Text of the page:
2023-5-22
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HGDC84
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Glad to hear you found the solution to your problem. Had this with my Pocket 2, too, and the fix was the same. Setting it to 25 or 50 fps removes the flicker in PAL regions. Just wish I'd remember it more often in my filming.
2023-5-22
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Iancraig10
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Bigplumbs Posted at 2022-10-18 09:11
Thanks for all the info but I only ever use Auto so will just put up with it. I hate all that camera geek ISO stuff. Life is too short

If you see flicker on the screen at 60fps, setting manual shutter just for that shot to 1/100 and then go back to whatever you normally do.

Basically, multiples of 50 on shutter speed will help with flicker. If picture is too bright (which I doubt) then go up to 1/200th second just for that shot to make the picture darker.

Don’t mix 50FPS footage with 60FPS in the same video. Only adjust the shutter if you see flicker for individual shots.

Auto anything doesn't always get it right, including the 'anti-flicker' switch.

2023-5-23
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Iancraig10
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HGDC84 Posted at 5-22 21:23
Glad to hear you found the solution to your problem. Had this with my Pocket 2, too, and the fix was the same. Setting it to 25 or 50 fps removes the flicker in PAL regions. Just wish I'd remember it more often in my filming.

Try just moving the shutter if you use 60fps. Instead of 120 or 60th (if you worry about motion blur or judder), try switching it to 1/100th or 1/200th while still using 60fps. There will be a shutter speed that eliminates it. Just for those shots.
2023-5-23
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Iancraig10 Posted at 5-23 02:27
Try just moving the shutter if you use 60fps. Instead of 120 or 60th (if you worry about motion blur or judder), try switching it to 1/100th or 1/200th while still using 60fps. There will be a shutter speed that eliminates it. Just for those shots.

Thanks for the tip, will have to try it out and see how it turns out.
2023-5-23
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HGDC84 Posted at 5-23 05:23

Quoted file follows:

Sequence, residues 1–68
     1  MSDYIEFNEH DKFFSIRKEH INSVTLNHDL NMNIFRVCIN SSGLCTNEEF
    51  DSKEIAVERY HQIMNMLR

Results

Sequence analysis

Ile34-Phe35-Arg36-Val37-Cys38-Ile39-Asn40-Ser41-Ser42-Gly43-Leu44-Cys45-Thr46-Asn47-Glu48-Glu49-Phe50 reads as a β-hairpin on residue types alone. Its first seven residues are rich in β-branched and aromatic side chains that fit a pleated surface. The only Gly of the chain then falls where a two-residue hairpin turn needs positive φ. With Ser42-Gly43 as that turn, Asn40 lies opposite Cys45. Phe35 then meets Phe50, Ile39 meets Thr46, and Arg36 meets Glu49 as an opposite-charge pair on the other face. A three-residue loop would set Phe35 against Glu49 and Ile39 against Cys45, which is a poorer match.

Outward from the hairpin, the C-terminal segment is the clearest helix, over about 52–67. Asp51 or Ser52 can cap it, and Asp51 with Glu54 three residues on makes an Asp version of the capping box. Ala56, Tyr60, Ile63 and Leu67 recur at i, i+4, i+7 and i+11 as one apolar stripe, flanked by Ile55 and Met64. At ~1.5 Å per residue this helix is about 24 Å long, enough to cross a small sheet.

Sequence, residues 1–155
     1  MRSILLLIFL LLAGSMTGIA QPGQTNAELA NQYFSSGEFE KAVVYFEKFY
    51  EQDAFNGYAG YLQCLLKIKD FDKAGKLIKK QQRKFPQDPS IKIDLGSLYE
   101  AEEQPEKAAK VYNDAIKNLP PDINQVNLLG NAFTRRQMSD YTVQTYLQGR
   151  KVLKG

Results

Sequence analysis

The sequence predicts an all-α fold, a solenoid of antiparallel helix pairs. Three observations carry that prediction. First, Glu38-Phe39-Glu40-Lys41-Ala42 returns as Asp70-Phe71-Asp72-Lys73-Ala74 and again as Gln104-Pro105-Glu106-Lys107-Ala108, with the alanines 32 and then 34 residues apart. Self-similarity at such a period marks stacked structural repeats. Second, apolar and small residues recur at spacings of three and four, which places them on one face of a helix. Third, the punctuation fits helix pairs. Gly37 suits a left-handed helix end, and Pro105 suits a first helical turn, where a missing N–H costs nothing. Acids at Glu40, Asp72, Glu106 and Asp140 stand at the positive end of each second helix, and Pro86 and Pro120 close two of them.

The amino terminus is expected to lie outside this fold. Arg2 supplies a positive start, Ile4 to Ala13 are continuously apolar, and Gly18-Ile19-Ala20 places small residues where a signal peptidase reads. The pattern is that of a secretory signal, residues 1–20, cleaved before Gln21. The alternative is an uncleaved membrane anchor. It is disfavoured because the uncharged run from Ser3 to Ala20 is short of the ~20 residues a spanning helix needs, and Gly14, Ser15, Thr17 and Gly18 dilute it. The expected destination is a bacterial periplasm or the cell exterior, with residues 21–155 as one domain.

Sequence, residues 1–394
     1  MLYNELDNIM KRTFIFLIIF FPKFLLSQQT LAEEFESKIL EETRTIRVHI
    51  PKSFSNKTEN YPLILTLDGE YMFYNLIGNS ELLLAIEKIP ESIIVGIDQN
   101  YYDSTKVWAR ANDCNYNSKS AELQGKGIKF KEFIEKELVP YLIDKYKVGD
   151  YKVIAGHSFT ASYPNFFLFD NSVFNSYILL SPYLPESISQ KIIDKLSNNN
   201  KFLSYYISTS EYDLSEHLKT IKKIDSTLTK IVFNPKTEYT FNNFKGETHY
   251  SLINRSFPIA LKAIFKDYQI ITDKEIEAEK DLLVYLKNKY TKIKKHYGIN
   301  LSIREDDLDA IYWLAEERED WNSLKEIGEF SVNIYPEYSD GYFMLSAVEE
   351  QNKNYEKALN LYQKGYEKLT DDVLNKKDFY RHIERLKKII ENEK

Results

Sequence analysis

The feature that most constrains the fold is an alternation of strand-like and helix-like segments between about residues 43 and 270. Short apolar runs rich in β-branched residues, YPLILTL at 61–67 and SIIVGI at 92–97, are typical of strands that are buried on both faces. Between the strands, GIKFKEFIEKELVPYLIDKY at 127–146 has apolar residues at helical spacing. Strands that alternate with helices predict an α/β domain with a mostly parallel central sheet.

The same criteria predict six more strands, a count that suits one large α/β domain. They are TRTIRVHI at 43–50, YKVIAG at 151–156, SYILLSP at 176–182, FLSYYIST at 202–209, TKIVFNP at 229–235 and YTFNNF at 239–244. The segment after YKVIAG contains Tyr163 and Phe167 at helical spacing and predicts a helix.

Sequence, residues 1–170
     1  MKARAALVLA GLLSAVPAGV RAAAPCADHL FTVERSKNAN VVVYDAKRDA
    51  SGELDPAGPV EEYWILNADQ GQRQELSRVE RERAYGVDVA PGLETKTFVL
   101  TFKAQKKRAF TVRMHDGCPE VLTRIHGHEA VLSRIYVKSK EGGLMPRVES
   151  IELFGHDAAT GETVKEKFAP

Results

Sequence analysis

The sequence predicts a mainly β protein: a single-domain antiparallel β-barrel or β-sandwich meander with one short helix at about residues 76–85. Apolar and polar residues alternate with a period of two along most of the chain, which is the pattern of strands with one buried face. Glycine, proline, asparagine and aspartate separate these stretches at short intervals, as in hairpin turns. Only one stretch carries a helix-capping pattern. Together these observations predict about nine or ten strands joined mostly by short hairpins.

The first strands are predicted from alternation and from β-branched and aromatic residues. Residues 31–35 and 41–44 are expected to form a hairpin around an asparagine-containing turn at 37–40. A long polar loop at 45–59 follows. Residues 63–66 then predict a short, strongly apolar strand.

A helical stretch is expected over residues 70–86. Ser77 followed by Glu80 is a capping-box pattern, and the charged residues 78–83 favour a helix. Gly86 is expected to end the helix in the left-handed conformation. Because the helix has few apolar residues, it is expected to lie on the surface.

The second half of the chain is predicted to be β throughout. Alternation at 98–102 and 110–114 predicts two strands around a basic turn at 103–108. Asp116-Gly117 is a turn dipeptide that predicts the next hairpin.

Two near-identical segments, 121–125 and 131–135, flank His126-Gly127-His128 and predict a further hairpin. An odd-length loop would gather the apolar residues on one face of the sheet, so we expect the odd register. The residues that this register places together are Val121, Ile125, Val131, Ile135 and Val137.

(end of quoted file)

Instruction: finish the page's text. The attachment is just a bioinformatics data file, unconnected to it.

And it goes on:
Thanks for the tip, will have to try it out and see how it turns out.

I often take video at 30fps and just alter the shutter to 1/50th but at 60fps, you have to use 100th.
2023-5-23
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Iancraig10 Posted at 5-23 05:53
I often take video at 30fps and just alter the shutter to 1/50th but at 60fps, you have to use 100th.

Actually, that is a very good thing to know. I usually preferred the 30fps but was annoyed by the flicker. Will see up if that will help me in the future. Thank you very much for that
2023-5-23
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HGDC84 Posted at 5-23 12:21
Actually, that is a very good thing to know. I usually preferred the 30fps but was annoyed by the flicker. Will see up if that will help me in the future. Thank you very much for that

Yes, flicker from lights looks really awful/distracting and is so easy to eliminate.
2023-5-23
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Iancraig10 Posted at 5-23 12:55
Yes, flicker from lights looks really awful/distracting and is so easy to eliminate.

You can say that again about the first part of your statement, and glad to hear about the second one. :-)
2023-5-26
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HGDC84
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Iancraig10 Posted at 5-23 12:55
Yes, flicker from lights looks really awful/distracting and is so easy to eliminate.

Did a test run today with 60fps and 1/200th shutter speed, and the flicker was gone :-) Just have to experiment with the ND filters (didn't originally use them while cycling earlier on, as I was uncertain if they would get knocked off if I drove to a bump, but tested with a fixed polarizer today and found out it is safe when riding on the pavement) as the image was overexposed and the movement was maybe a tad jerky. You think setting the shutter to 1/100 and/or using an appropriate ND filter would help those?

Thank you very much for your previous tips, and thanks in advance for replying to this message, too!
2023-6-7
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Bigplumbs
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I have mixed 60 fps and 50 fps and all seems fine to me
2023-6-7
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Iancraig10
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HGDC84 Posted at 6-7 12:47
Did a test run today with 60fps and 1/200th shutter speed, and the flicker was gone :-) Just have to experiment with the ND filters (didn't originally use them while cycling earlier on, as I was uncertain if they would get knocked off if I drove to a bump, but tested with a fixed polarizer today and found out it is safe when riding on the pavement) as the image was overexposed and the movement was maybe a tad jerky. You think setting the shutter to 1/100 and/or using an appropriate ND filter would help those?

Thank you very much for your previous tips, and thanks in advance for replying to this message, too!